Figure 1. Volume of US exports of corn, wheat, and soybean complex (soybeans, soybean meal, and soybean oil). 1980-2009. Data source: USDA.

Now what about the elastic demand argument? This one is analytically more complex to definitively evaluate because there are several factors that affect export demand besides its responsiveness to price. But what would we expect if we put export volume and price on the same graph? Even with other influences involved over the thirty year period, we should be able to discern a pattern of times in which prices declined and quantities increased, and vice versa.

So what do the data show? Figure 2 displays the three crop volume of exports represented with a dashed blue line and the trade-weighted price graphed with a solid red line. One thing that is evident is that the variation in the volume of exports is small compared to the variation in price.

It is also evident that there is no hint of an inverse relationship between price and export volume. Conventional theory would suggest that the two lines should be a mirror image of each other, so that when the price goes down the volume of exports goes up and vice-versa, and that pattern should be discernable even at this level of analysis.

Much of the US agricultural policy that has been adopted since 1985 has been based on the assertion that the US was losing crop exports because the non-recourse loan rate held prices above world price levels and that reducing or eliminating those support prices would enable the US to increase its volume of exports. Figure 2 shows no evidence of that.


Figure 2. Trade-weighted price and volume of US exports of corn, wheat, and soybean complex (soybeans, soybean meal, and soybean oil). 1980-2009. Data source: USDA.

In figure 3 we see a comparison of the value of the exports of corn, wheat, and soybean complex (dashed blue line) with the trade-weighted price of those exports (solid red line). Having just considered that figure 2 shows the lack of a discernable inverse relationship between price and quantity exported, it is not surprising that we do not see the promised shock-absorber effect in figure 3.

That is, price declines do not appear to be associated with increases in the value of exports as the export-centric narrative postulated. In fact, the graph shows the exact opposite. Prices and the value of exports move together—prices increase and so does the value of exports.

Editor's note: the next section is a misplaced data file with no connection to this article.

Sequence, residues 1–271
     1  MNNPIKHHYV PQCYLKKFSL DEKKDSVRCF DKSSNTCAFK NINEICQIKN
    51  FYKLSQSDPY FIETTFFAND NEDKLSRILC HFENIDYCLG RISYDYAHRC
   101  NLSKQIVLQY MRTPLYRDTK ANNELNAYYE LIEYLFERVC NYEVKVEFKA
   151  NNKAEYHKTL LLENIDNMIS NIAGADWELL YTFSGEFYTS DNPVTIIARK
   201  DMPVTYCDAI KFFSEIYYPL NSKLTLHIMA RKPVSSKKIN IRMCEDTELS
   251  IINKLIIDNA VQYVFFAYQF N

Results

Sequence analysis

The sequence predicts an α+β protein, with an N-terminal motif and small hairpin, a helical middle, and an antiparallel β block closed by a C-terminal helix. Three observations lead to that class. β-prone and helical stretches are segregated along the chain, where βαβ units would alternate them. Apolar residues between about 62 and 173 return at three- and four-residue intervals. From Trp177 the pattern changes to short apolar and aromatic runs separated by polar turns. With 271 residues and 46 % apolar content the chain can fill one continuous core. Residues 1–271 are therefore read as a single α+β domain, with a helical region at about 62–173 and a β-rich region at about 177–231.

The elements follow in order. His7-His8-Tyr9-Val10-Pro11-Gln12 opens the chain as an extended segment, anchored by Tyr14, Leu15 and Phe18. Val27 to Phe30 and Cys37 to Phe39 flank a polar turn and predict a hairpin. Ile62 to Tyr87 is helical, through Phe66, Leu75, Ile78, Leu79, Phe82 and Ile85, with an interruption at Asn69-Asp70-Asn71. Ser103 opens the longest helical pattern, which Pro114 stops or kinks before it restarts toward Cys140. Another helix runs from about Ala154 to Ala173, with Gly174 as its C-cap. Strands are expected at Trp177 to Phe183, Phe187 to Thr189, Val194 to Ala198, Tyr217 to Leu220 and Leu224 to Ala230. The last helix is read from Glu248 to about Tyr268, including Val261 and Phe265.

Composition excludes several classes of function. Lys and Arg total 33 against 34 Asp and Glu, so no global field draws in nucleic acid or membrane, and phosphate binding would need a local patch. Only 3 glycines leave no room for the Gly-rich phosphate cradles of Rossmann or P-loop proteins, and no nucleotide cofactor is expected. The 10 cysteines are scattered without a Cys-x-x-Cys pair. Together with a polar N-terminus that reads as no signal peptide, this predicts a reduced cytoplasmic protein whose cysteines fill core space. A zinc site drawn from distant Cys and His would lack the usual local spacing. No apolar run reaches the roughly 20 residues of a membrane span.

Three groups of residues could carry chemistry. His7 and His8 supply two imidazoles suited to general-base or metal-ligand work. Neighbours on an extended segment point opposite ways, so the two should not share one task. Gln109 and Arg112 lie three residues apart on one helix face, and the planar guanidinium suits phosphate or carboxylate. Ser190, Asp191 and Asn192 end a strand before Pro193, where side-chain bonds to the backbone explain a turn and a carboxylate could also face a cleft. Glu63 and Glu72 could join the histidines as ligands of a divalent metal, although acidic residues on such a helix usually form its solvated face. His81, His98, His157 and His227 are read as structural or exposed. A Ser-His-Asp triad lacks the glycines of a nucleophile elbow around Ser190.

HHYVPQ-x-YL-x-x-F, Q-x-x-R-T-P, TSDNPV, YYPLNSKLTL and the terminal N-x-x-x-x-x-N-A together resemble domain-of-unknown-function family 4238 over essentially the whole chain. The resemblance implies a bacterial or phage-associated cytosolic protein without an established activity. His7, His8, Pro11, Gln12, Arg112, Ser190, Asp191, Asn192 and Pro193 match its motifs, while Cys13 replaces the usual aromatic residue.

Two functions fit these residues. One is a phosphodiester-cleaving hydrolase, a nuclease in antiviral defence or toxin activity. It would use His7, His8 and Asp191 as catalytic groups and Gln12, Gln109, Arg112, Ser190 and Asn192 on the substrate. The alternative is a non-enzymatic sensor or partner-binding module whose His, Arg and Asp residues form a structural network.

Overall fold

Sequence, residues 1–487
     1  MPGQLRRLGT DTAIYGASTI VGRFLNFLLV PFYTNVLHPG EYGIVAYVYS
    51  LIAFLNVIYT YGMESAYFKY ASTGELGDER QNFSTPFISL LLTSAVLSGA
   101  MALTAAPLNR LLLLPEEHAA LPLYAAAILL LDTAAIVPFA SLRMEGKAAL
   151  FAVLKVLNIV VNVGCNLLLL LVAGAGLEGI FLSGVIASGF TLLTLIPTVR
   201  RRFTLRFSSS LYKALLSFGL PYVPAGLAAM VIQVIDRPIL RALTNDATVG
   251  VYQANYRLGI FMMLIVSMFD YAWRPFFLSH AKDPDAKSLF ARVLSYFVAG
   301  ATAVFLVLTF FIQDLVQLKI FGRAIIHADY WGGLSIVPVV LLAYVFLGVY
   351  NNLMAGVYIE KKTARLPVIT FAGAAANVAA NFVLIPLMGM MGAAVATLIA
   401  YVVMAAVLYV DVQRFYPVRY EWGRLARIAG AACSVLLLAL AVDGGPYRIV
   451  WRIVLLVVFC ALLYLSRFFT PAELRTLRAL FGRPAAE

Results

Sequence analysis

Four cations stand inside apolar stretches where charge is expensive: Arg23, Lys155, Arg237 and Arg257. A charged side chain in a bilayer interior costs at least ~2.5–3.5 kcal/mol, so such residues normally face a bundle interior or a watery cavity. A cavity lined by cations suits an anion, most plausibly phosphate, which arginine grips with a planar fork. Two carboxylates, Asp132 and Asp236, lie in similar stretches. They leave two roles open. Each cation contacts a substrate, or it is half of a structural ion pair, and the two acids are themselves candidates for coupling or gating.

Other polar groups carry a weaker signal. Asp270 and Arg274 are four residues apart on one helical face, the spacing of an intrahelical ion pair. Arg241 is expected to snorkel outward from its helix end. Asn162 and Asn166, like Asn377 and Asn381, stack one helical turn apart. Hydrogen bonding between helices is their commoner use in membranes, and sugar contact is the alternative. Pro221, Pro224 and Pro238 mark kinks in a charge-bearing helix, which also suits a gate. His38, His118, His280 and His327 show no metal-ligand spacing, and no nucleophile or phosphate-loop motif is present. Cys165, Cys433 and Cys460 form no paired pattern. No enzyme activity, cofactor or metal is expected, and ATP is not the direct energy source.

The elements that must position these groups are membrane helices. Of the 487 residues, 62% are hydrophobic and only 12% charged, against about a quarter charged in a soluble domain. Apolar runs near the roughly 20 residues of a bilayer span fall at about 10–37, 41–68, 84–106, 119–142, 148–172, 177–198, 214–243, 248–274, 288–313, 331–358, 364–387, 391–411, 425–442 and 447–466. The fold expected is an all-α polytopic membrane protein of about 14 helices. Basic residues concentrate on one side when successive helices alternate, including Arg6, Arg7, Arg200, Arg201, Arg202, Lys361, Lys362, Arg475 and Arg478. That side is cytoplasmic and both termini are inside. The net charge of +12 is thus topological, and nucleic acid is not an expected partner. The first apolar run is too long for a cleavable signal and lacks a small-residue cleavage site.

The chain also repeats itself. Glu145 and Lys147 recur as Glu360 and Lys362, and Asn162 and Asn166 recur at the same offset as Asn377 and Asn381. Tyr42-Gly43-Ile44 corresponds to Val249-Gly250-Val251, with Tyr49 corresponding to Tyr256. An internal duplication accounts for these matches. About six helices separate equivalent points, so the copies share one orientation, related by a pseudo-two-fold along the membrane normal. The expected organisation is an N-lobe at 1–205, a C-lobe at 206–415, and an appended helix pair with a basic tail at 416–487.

Figure 3. Trade-weighted price and value of US exports of corn, wheat, and soybean complex (soybeans, soybean meal, and soybean oil). 1980-2009. Data source: USDA.

Neither of the two elements of the export-centric narrative of the last thirty years (ever-increasing upward shifts in exports and price-elastic export demand) is supported by the actual experience of the last thirty years. Had these two export characteristics been an accurate reflection of reality, moving to a market-oriented farm policy and using payments to help in the rare dips in income would make eminent sense. The “farm problem” would be no more.

The overhanging question then becomes: What then is implied about probability of success of the “changed policy” if the export-centric narrative is false?

Daryll E. Ray holds the Blasingame Chair of Excellence in Agricultural Policy, Institute of Agriculture, University of Tennessee, and is the Director of UT’s Agricultural Policy Analysis Center (APAC). (865) 974-7407; Fax: (865) 974-7298; dray@utk.edu; http://www.agpolicy.org. Daryll Ray’s column is written with the research and assistance of Harwood D. Schaffer, Research Associate with APAC.

Reproduction Permission Granted with:
1) Full attribution to Daryll E. Ray and the Agricultural Policy Analysis Center, University of Tennessee, Knoxville, TN;